I've got your back, partner! By which I mean, you go first because I'm scared.

Eventually, I decide I’m too scared to play further on my own, and also, I’ve run out of ammo (because when I shoot, I shoot 9,422 bullets at a time), and then a robot punches me to death, and there’s no save points so I have to start over. Instead, I join a co-op session of the same mission. Unfortunately, this doesn’t make things less scary for me. It’s almost worse, actually. The other players are already elsewhere in the level, and I have to find them. Now, in addition to creeping around in the dark by myself, hearing the robots pacing, then shrieking, then running, I also hear the thudding of distant, panicky gunfire. It’s like listening to a horror movie while running around trying to get into the horror movie. I don’t want to get into the horror movie! I want to play Desert Golfing. Nothing attacks me in Desert Golfing.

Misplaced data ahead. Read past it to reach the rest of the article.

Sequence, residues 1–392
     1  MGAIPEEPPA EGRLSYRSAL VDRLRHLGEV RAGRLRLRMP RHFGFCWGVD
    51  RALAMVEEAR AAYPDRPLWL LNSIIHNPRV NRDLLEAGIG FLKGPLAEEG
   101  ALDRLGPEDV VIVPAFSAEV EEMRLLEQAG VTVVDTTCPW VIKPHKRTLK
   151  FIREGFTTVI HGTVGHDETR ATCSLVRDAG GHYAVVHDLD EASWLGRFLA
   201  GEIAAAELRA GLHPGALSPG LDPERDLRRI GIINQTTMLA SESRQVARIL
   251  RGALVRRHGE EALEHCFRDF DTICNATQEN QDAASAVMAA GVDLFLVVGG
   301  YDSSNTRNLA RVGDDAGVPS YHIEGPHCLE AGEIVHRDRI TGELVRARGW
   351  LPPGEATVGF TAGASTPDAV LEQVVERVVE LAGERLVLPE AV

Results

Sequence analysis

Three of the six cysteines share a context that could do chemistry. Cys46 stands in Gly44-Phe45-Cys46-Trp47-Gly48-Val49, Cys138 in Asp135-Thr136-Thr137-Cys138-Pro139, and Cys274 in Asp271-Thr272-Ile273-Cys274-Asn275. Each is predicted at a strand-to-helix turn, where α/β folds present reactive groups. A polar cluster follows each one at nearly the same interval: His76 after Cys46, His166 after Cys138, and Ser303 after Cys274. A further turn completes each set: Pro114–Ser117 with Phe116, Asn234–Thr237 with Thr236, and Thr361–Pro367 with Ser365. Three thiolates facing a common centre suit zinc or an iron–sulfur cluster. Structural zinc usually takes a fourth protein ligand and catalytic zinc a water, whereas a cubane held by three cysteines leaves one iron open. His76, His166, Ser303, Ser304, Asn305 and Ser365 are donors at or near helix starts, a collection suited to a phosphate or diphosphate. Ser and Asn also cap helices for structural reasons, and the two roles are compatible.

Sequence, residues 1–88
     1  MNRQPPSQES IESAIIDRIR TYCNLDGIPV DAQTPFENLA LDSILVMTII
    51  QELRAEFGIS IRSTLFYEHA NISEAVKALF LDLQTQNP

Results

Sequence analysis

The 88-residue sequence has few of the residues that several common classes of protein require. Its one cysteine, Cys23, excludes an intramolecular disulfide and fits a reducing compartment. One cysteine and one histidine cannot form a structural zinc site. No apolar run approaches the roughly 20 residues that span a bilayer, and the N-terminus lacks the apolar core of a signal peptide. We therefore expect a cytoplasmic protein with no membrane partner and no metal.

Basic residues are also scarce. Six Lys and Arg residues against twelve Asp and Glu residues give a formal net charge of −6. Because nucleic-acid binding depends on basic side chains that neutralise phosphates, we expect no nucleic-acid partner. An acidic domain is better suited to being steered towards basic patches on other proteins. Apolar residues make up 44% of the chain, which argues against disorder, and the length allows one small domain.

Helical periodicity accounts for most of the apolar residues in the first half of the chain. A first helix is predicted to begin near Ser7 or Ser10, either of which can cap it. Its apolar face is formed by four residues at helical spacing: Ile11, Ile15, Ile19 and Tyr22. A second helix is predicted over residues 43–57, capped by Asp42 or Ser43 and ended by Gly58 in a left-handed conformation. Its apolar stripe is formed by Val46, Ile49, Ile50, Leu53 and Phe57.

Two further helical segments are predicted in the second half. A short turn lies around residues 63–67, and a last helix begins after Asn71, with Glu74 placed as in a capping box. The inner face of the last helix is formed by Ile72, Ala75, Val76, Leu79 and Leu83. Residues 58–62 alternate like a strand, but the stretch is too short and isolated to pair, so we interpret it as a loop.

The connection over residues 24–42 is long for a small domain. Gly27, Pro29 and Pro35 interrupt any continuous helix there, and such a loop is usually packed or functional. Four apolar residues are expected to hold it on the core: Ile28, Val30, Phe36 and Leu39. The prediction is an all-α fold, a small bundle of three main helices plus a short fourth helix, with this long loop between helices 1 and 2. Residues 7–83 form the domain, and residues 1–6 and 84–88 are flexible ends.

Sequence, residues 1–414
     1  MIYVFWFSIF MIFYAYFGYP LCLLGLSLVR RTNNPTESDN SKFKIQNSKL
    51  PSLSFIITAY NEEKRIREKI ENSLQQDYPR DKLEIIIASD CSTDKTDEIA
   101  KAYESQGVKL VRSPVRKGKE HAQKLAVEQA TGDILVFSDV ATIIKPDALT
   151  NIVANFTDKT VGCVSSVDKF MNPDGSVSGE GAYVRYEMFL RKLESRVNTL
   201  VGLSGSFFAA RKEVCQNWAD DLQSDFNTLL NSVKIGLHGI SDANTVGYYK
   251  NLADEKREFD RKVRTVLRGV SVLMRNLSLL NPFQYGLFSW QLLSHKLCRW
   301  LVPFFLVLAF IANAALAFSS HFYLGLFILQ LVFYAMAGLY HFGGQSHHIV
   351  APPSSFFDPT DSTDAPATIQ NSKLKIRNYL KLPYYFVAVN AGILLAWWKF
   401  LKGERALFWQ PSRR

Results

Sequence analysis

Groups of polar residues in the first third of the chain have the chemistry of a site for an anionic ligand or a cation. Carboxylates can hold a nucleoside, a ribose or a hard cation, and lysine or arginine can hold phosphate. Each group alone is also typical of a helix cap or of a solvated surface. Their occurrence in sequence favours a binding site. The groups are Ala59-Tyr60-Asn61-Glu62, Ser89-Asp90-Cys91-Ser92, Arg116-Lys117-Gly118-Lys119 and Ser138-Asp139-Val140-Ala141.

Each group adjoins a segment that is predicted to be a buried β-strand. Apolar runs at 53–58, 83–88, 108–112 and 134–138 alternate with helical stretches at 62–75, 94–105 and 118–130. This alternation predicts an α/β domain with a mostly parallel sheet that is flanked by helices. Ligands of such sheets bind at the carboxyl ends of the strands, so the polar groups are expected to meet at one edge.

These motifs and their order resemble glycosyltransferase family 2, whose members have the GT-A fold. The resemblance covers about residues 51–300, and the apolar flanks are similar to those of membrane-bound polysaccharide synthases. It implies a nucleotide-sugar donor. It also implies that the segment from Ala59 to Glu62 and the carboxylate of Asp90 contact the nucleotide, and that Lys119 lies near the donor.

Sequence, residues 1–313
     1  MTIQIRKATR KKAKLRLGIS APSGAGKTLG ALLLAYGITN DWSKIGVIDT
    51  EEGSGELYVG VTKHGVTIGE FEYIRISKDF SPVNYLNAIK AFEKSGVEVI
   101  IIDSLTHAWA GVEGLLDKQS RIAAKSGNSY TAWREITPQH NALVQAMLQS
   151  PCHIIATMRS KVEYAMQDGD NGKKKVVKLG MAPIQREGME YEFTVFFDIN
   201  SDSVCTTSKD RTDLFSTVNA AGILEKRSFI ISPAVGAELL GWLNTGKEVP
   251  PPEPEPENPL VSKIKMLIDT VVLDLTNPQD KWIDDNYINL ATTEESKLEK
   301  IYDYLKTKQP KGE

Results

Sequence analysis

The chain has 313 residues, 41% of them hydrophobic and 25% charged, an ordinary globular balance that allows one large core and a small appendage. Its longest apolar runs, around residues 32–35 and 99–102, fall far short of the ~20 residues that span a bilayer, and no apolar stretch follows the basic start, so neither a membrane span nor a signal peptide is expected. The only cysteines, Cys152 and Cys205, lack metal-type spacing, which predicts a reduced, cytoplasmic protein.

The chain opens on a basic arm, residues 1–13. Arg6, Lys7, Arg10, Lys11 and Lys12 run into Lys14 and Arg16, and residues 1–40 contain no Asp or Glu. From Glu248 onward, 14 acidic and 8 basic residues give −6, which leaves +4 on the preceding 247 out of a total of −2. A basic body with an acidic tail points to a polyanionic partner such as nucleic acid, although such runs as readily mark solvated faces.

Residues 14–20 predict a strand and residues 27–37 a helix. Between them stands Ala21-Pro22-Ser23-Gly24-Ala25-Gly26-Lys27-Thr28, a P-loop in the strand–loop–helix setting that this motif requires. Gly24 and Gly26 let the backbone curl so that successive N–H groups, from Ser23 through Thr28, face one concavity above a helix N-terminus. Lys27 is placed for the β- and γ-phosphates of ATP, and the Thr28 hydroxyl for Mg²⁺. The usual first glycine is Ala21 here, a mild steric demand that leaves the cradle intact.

Welcome to a deathmatch! Uh... best of luck.

Having had enough of the horrible robots, I spend a fair amount of time in multiplayer team deathmatch instead. It’s quite a different-feeling experience than I’ve had in arena combat before. It’s even a bit scary and startling in its own way. Maps, often, are dark, sometimes even pitch black for long periods of time, meaning you’ll need to creep around with your flashlight on, which makes you feel like a big, obvious, interstellar target. Some control point maps change shape as you play, with walls and floors being raised or lowered, and domination zones move from one area to another forcing players out of their hiding spots. There’s really no way to get comfortable or feel like you’re running the show, even when you’re winning.

Gin a body meet a body, creepin' thro' the dark.